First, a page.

Monday, May 28, 2012

Home Is Where The Heart Is

Home Sweet Home
I thought going home to Capitan, New Mexico this past Memorial Day weekend would be difficult because of my father's recent death. An anxious, depressed feeling kept building all week long as the date for our visit grew closer, and I even entertained the idea of postponing it to later in the summer.  I just didn't know if I would be overwhelmed by feelings of loss while being there and I didn't know if I were ready to face the reality that my former life, my existence as someone's child, was gone forever. Fortunately, however, I couldn't disappoint my children who love going for long weekends and summer vacations to my childhood home.  That's the wonderful thing about children, you will do for them what you won't do for yourself, and most of the time it ends up being a good thing.

In this case, going to Capitan proved to be a very good thing.  Instead of missing my parents desperately and being sad that they are no longer here with me in person, being home brought back the happiest memories I shared with them growing up.  I didn't feel sad, I felt blessed when I walked through the door.  I felt like the luckiest woman in the world because I had such amazing parents and a truly happy, innocent, loving childhood.  Being home, with the spirit of my parents present in every inch of the house, made me realize that no matter how old I become, where I go, or what I do, I will always take them with me.

By returning home again and again, I will not only share my memories of my parents and my youth with my children, but also create new memories of their childhood with them.  I am grateful that they too, have a place where they can go that is special and connects them to their family history.  I can remember traveling Capitan as a very young child to visit my grandfather and stay at his home, and I know that they will have similar memories of going to their grandparents' house even though the grandparents are no longer there.  Those memories will be place-specific in some instances, as my own are, but they will provide the framework for their own sense of what home means.

In my opinion, home truly is where the heart is, and my heart is with my family--both those that remain and those who have gone ahead. My children will always have a home to go to because I vow to create the same feeling of security, love, positivity, optimism and resilience that my parents instilled in me.  I promise with all that I am to give them as happy and satisfying a childhood as I had.  Those things make a home regardless of where a person ends up because home, or rather a sense of belonging and connection, travels with them.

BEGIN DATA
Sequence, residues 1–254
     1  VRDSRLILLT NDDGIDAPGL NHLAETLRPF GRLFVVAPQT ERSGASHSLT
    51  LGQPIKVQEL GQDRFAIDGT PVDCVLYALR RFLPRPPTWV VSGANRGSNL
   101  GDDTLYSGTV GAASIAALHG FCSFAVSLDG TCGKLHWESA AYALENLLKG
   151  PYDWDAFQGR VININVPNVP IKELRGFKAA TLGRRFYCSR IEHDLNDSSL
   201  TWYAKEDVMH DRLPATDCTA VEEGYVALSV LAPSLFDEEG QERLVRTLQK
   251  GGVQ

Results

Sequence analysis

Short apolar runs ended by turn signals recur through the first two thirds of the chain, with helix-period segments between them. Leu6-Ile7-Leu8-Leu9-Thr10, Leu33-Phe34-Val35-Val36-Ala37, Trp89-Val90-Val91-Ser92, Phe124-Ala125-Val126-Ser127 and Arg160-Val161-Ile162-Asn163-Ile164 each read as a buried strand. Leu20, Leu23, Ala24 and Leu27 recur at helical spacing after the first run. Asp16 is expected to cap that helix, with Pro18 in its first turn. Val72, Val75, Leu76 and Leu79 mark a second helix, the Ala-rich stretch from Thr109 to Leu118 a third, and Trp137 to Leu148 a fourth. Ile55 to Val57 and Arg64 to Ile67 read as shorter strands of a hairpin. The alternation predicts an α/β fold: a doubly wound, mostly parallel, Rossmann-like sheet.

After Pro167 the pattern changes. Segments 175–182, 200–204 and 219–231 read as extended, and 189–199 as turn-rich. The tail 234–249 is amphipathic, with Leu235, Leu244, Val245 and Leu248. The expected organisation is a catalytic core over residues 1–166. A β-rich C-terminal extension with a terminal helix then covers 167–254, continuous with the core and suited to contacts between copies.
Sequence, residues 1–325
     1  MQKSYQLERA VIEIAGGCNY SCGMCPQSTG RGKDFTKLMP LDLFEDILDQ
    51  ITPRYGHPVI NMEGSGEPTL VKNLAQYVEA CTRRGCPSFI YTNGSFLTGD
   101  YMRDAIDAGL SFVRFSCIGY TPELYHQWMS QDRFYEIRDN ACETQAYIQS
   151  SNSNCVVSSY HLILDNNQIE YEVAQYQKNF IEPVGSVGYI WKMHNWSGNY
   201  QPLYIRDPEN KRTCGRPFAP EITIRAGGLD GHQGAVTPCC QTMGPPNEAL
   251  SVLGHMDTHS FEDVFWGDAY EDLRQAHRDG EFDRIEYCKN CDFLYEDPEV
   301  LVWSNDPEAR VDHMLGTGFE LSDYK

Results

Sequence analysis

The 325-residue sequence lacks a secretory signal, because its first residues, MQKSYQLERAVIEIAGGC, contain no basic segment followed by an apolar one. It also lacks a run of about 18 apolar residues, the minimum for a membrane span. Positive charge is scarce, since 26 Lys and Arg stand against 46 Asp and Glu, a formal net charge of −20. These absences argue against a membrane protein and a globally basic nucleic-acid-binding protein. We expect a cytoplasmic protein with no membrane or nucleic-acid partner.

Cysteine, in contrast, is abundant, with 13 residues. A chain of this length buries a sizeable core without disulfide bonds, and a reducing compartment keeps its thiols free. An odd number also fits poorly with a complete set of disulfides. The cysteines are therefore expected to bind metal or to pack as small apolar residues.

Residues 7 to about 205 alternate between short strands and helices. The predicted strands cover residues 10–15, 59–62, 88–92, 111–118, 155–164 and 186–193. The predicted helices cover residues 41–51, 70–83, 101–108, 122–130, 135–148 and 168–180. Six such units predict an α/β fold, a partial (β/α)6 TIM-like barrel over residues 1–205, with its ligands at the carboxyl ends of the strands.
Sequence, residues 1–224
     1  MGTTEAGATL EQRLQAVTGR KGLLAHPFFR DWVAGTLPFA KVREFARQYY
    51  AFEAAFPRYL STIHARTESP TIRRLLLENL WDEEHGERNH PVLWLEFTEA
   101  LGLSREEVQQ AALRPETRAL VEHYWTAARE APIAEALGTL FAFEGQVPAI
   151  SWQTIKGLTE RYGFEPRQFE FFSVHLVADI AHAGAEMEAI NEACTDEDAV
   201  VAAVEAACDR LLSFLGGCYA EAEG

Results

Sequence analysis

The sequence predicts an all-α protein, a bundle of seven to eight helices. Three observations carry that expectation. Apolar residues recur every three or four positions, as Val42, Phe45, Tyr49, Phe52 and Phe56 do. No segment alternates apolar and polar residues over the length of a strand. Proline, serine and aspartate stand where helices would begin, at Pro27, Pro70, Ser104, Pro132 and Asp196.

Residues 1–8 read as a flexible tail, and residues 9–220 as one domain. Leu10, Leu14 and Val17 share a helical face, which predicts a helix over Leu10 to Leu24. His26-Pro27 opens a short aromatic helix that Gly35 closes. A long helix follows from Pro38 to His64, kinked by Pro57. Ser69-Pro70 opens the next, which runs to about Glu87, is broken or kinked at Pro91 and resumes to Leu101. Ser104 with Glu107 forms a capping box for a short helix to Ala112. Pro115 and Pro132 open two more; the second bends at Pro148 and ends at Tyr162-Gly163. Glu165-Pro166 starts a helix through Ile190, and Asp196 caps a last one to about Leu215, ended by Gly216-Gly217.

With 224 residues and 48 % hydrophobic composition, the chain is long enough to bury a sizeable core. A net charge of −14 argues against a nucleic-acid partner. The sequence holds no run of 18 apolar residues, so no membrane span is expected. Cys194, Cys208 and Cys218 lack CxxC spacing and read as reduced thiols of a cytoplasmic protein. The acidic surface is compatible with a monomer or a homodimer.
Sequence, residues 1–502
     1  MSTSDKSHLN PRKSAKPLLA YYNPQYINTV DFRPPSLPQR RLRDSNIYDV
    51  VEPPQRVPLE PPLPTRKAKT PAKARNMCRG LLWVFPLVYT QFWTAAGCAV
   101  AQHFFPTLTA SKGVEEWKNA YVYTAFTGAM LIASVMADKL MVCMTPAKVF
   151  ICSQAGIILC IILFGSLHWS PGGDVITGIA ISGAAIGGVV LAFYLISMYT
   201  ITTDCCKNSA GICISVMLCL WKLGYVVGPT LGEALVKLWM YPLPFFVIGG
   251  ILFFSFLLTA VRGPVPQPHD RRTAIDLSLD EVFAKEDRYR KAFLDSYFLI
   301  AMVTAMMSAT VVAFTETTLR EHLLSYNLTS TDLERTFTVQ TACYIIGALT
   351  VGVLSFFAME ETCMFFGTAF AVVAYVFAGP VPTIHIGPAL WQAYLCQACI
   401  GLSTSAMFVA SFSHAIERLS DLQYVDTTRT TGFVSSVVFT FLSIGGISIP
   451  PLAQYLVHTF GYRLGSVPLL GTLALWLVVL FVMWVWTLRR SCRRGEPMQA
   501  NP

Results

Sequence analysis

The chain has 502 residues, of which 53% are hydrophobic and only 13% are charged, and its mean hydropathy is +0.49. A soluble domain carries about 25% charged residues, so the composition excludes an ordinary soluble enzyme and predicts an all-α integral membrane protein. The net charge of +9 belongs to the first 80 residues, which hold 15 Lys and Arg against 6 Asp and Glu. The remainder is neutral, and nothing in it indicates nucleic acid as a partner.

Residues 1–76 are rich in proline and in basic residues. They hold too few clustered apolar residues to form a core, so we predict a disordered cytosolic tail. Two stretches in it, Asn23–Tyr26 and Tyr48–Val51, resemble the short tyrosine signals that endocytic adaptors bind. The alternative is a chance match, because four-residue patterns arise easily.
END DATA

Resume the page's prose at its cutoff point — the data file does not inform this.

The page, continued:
I enjoyed an amazing weekend.  My sister and I watched old home movies and looked through photo albums with the kids. We told them stories about their grandparents and answered questions about this, that, and the other that interested them.  The sharing made me happy, but more so,  it made me grateful that all the stories we shared were good ones.  Being there this weekend made me realize how truly and profoundly blessed I am and gave me absolutely no room to be sad, depressed or anxious.  They say you can never really ever go home again, but I don't believe that. The truth of the matter is, if you are one of the lucky ones, you never really ever leave it.

Tuesday, May 22, 2012

Mixed Bag of Goodies: Sharing and Thoughtfulness

Abby, Joshua, and Jack: Team Hallbeck

My two older children enjoyed a school carnival yesterday, celebrating the end of the school year.  They entered the house laden with a variety of kitschy toys, pickles, popcorn, and smiles from ear to ear.  My youngest son, old enough to realize he had been left out of the fun, didn't have two seconds to be jealous of their good fortune because they immediately opened their bags of treats and shared their bounty with him.  In that moment, when Jack told Joshua he could choose what he wanted from the pile of goodies and Abby specifically handed him the things she had rounded up for him, I realized my children have learned early on two of the best lessons for leading a happy life: thinking of others and sharing.

In my opinion, the happiest and most well-adjusted people have a healthy mix of being thoughtful of oneself and of other people.  People exist in this world who strike the perfect balance of taking care of themselves and their needs while at the same time being generous with others.  They know both the joy of self-satisfaction and self-sacrifice on behalf of another person, and that knowledge goes a very long way in making them loving, warm, confident, secure, generous, thoughtful people.